It is we who, because of Jesus, stand before the Father, and await the return of our Lord. It is we who recognize John’s vision as he reminds us, “Behold, He is coming with the clouds, and every eye will see Him, everyone who pierced Him; and all tribes of the earth will wail on account of Him. Even so. Amen.”
There is, for those of us who share in Jesus’ royal and priestly character, a solemn watchfulness. We look back to the past in gratitude, and sing our praises with John in the present. But with him, we also look forward to a time—a time of complete liberation, and a time of reckoning. John reminds us with quick brush strokes of the great vision of the Son of Man in Daniel 7, of the promise of the angels in Acts 1, and of the time of judgement and grace described in Zechariah 12-13. Daniel’s vision spoke about the triumph of one like a Son of Man, who was exalted on the clouds to heaven, and received the kingdom of the Almighty; Luke spoke in Acts 1 of Jesus’ exaltation, and the promise of the angels that He would return as he had left; Zechariah speaks with hope of the repentance and cleansing of God’s people as they finally see things for what they are, look upon the One whom they have pierced, and mourn. All these glimpses of sober hope need to be taken together, as John has placed them. We serve One who has been given all authority by the Ancient of Days, who has been pierced for our transgressions, who is coming back, and who will call people to repentance. Perhaps we misunderstand the final phrase: “all tribes of the earth will wail on account of Him.” Do we think of this as a final hopeless judgement? A quick look at Zechariah will give it a different meaning. In Zechariah, we read, “I will pour out on the house of David and the inhabitants of Jerusalem a spirit of grace and pleas for mercy, so that, when they look on me, on him whom they have pierced, they shall mourn for him.” So, the weeping comes by means of God’s Spirit, and by grace. It is the gift of tears, not the inconsolable loss of hope. Indeed, the prophet goes on to say that the whole of the land will engage in this repentance, and that “On that day there shall be a fountain opened for the house of David and the inhabitants of Jerusalem, to cleanse them from sin and uncleanness” (13:1). And in John’s eyes, that grace is even greater—it is a grace of mourning given not only to Israel, but to “all the nations of the earth!”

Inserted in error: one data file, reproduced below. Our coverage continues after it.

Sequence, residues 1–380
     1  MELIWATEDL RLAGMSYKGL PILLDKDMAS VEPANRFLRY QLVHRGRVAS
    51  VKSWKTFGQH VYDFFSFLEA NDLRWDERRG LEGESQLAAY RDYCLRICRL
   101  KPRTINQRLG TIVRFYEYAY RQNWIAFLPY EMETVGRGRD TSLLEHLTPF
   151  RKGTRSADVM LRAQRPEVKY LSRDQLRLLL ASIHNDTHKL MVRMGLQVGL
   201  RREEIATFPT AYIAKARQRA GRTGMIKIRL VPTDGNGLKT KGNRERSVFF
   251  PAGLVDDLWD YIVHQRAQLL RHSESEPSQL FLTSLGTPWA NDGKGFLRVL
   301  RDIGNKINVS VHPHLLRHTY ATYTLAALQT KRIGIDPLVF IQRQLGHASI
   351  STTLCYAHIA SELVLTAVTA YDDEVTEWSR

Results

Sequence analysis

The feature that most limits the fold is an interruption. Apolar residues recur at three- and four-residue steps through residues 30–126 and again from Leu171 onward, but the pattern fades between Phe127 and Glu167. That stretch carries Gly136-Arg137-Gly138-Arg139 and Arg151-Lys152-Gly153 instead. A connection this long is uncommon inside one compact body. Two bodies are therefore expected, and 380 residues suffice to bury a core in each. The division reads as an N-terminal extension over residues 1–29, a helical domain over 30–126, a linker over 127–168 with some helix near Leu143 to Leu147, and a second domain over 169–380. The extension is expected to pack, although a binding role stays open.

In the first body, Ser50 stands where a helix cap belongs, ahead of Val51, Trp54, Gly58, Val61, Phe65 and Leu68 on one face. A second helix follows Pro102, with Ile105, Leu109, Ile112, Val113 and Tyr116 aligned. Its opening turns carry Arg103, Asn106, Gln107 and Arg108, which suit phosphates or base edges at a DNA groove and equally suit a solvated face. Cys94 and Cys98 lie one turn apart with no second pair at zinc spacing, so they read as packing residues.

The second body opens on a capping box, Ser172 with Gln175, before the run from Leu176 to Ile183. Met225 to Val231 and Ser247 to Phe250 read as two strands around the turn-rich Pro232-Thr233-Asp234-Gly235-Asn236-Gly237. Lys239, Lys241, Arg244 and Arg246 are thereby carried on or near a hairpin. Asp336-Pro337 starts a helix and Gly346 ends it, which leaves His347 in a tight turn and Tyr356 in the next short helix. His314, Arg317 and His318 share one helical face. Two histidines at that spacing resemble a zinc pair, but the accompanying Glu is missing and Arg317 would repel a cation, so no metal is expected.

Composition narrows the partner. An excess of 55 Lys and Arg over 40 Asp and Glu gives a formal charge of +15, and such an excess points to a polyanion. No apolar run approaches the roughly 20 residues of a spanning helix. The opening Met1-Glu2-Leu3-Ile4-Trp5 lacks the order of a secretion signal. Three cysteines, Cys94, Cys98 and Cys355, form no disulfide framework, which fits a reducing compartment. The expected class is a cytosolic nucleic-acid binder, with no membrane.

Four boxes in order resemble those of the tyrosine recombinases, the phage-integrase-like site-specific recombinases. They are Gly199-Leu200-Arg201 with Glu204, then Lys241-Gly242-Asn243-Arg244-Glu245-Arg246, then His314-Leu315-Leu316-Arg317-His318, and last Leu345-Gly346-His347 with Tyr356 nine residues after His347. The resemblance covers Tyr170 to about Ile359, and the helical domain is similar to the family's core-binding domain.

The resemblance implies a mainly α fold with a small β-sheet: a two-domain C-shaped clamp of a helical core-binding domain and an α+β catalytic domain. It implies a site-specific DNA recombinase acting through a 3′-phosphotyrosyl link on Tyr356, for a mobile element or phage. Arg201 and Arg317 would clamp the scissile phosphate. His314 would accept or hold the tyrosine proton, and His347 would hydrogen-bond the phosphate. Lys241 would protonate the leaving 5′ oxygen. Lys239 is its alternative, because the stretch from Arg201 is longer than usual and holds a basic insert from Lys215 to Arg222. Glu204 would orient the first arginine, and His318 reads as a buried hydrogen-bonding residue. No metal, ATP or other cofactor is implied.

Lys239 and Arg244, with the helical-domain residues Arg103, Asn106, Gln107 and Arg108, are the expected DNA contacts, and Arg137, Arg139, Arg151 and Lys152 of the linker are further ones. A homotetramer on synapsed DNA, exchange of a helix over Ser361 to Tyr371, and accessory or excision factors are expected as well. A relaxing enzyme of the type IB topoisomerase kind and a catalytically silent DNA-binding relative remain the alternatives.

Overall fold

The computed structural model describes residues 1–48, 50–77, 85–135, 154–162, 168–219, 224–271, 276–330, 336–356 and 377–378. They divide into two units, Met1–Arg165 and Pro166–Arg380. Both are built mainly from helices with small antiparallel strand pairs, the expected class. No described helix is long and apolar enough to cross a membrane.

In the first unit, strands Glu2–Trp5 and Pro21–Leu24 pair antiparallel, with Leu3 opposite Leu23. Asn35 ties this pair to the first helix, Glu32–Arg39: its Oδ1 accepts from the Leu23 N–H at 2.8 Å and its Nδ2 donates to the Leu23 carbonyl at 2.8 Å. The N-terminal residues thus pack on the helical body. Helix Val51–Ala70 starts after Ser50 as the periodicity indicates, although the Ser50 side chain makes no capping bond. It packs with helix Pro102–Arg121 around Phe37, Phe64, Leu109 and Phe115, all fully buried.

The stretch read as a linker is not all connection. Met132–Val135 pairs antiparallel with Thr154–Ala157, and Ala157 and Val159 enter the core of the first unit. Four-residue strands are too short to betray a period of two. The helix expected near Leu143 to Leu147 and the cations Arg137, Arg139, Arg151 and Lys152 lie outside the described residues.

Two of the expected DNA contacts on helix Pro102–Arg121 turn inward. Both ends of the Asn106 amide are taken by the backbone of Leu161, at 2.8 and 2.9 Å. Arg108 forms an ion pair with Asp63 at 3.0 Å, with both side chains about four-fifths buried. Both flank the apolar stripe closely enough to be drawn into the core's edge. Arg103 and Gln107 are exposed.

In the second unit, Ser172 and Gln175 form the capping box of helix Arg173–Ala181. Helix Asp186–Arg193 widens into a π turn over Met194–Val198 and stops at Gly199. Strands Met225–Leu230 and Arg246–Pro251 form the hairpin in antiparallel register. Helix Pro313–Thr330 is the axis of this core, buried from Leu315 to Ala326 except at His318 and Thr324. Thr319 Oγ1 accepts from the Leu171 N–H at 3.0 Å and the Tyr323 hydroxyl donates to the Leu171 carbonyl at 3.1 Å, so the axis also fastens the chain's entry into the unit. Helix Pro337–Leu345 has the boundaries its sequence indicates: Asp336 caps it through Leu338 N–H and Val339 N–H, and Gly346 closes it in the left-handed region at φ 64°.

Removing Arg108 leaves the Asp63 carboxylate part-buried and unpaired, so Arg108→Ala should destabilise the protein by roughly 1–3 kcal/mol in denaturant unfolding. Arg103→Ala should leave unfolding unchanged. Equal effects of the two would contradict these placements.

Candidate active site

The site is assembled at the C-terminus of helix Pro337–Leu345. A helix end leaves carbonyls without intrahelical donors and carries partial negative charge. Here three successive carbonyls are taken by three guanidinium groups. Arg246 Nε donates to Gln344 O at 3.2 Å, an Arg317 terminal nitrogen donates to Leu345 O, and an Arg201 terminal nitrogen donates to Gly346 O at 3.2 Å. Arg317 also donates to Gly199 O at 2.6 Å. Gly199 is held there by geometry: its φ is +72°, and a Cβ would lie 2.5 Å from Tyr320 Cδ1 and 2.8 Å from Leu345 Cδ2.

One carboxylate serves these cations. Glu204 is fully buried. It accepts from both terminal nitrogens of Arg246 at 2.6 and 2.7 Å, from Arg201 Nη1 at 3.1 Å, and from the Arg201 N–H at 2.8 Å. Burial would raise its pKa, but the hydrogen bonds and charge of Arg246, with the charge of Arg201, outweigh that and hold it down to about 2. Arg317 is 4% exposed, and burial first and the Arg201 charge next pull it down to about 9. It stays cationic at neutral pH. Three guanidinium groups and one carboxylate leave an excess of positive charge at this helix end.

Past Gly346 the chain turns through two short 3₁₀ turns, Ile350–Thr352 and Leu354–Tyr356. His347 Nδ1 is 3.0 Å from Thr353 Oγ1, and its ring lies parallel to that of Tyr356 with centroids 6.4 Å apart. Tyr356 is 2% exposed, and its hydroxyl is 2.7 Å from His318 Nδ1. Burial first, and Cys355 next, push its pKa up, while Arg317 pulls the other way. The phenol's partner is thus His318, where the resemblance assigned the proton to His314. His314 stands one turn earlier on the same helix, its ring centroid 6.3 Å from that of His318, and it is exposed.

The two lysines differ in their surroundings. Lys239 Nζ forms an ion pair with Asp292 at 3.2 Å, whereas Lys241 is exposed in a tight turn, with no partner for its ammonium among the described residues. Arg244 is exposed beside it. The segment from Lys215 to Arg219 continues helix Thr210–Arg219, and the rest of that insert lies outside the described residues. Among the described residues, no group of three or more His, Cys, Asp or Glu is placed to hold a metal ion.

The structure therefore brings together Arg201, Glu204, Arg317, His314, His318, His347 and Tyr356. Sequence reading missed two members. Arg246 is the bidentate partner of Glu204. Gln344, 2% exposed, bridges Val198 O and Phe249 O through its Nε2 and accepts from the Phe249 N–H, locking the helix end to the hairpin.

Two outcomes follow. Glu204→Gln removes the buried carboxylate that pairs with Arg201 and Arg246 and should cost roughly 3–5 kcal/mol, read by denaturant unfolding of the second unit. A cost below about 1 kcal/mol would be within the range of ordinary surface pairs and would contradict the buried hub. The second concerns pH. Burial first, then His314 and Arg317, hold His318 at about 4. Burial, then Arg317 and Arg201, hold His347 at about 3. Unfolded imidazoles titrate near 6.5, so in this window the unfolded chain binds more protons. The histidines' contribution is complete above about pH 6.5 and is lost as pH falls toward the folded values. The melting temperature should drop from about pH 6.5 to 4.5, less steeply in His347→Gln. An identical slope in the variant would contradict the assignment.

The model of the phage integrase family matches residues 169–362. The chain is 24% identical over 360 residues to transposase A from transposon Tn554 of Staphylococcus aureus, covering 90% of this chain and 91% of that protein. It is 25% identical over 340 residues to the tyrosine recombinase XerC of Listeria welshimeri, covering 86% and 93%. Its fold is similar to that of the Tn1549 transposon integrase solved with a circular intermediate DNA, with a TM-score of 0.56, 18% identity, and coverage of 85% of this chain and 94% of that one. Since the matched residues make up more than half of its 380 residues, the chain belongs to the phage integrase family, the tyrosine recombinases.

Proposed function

This is the God who addresses us—the One who has done all things to make us kings and priests before the Father, interceding on behalf of those who do not know Him, longing for the time when this fountain will be opened, and when they, too, will see and love the One who died for them. Our God is the Alpha, who has begun all this, and the Omega, who will see it to completion. With these assurances, we are ready to hear and see all that He will reveal in this deep book!